The danger is that every step in litigation:
· lengthens the process, increasing the time for the parties to incur and generate costs
· adds procedural complexity, which may trigger disputes
· leads to work being repeated or efforts duplicated across different stages.
Each step in litigation must therefore focus on clear objectives, including allowing parties to understand the case they have to meet or allow a party to obtain evidence to support their claims.
The standard multitrack process under part 7 of the Civil Procedure Rules is a thorough process producing quality decisions. However, it contains potential inefficiencies and luxuries which could be removed to reduce costs.
The litigation process involves parties building their cases over several months. This means they have to repeatedly set out their case in whole or in part and collate and review the same documents.
In the pre-action processes the parties set out the legal and factual basis of their claim, together with the key documents. However, the progress of the case takes a backwards step after proceedings are issued because pleadings should contain facts and not evidence or legal argument. The parties must therefore rebuild the evidence on which they will rely through disclosure, witness statements and expert evidence, and then set out their legal arguments in submissions.
The courts have repeatedly (for example, in UK Learning Academy Limited v Secretary of State for Education  EWCA Civ 370) stressed how statements of case play a critical role in civil litigation. However, the general dislike towards parties taking ‘technical’ or ‘pleadings’ points undermine the judgment-centred role of pleadings because their importance diminishes as the case progresses. Similarly, the opponent-centred value of pleadings is reduced by the restrictions on the material they should contain.
This means pleadings have a largely process-centred role in setting boundaries for the litigation. However, this raises an issue about whether pleadings in their current form provide value for money for the parties, particularly when separate chronologies, lists of issues, case summaries and submissions need to be prepared.
Unlike the case-building approach of litigation, construction adjudications provide a form of dispute resolution where the parties’ work is heavily judgment-centred. This reflects the constraints within which adjudication operates, where adjudicators must make a decision within a strict timetable (of 28 days, subject to extension). Rather than build up their case in stages, in adjudication the parties present their case through the exchange of submissions and supporting documents and evidence.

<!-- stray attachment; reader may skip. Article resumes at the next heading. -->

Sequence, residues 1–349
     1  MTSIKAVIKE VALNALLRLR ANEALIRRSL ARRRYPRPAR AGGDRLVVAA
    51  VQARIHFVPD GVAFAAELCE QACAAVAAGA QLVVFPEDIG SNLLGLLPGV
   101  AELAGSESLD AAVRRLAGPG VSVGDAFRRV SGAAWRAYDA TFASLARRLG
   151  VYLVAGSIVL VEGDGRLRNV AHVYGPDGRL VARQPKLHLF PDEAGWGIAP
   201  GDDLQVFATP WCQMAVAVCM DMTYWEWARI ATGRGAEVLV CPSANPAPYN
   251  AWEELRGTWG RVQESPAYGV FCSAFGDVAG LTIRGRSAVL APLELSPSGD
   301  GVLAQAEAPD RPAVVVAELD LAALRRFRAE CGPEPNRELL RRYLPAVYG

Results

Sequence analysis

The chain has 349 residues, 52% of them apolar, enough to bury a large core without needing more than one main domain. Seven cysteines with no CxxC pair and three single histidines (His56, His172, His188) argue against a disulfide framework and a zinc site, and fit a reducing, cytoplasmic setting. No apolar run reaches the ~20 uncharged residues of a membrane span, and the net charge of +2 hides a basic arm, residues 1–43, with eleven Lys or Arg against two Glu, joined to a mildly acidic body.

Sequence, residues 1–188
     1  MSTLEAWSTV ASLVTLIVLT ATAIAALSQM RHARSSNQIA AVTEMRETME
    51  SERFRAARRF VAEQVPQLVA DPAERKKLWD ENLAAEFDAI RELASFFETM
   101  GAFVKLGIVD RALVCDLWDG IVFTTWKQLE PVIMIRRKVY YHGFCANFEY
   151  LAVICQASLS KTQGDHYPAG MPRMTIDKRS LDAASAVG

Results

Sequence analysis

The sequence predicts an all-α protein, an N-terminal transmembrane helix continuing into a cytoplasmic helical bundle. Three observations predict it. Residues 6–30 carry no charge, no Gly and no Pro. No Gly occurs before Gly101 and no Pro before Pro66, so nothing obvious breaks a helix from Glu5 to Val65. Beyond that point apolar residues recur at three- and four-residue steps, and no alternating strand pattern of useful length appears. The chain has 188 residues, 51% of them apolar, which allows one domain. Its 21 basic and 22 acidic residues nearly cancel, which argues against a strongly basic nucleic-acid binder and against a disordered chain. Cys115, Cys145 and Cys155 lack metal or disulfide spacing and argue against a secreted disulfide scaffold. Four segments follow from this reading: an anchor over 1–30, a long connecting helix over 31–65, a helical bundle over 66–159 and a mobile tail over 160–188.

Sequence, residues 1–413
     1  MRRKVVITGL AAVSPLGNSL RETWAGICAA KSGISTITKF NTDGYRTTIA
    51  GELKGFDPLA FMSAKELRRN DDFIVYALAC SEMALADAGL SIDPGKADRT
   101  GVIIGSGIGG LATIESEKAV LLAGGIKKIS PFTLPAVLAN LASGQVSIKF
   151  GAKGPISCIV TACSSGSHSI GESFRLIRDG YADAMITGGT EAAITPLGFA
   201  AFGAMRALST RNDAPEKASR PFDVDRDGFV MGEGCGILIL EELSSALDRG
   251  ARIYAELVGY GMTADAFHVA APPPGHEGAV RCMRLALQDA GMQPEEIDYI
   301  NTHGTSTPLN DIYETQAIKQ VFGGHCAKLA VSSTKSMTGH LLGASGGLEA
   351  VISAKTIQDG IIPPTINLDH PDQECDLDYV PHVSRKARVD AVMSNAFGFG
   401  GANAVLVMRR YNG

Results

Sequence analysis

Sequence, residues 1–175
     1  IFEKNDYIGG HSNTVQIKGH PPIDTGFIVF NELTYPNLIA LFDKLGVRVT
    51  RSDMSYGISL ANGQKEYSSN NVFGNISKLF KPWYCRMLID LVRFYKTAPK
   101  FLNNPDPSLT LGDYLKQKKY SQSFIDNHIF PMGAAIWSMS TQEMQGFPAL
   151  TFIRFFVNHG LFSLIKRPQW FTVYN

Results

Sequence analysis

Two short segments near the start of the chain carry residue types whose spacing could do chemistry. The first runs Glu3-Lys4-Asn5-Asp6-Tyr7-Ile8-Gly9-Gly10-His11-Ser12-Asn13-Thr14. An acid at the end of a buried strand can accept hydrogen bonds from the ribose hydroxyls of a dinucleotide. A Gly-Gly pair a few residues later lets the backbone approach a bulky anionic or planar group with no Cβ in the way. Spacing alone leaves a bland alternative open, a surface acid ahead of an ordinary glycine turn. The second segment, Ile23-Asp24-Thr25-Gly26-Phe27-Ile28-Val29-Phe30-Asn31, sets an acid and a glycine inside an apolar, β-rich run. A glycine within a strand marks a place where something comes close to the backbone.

The speed at which adjudication decisions are made inevitably impacts on their reliability. Adjudications are also generally costs neutral and so the parties incur significant, irrecoverable costs obtaining a decision which might be reversed in subsequent litigation or arbitration. Nonetheless, the value and success of adjudication is widely recognised, including by the Supreme Court in Bresco Electrical Services Ltd (In Liquidation) v Michael J Lonsdale (Electrical) Ltd  UKSC 25. Parties recognise the value of obtaining a relatively quick and cheap decision attempting to arrive at a fair resolution of the competing positions.
Front-loading and follow-through
Just as the professionals within the justice system are expected to find efficiencies, the system must do likewise. All legal systems involve balancing competing interests and objectives. This applies when looking for savings from the litigation process, as this will require trade-offs where the most valuable elements of the process must be prioritised.
There is a balance about the extent to which parties should frontload efforts and costs, in litigation. Too much and costs can become an obstacle to settlement. Too little and cases will progress in a piecemeal way, increasing costs.
The success of adjudication as case-presentation form of dispute resolution provides a helpful way of critiquing litigation. Although the value of case-building cannot be ignored, the ways in which litigation holds the parties back from progressing their disputes may no longer be affordable.
Mark Fletcher is a partner at Russell-Cooke russell-cooke.co.uk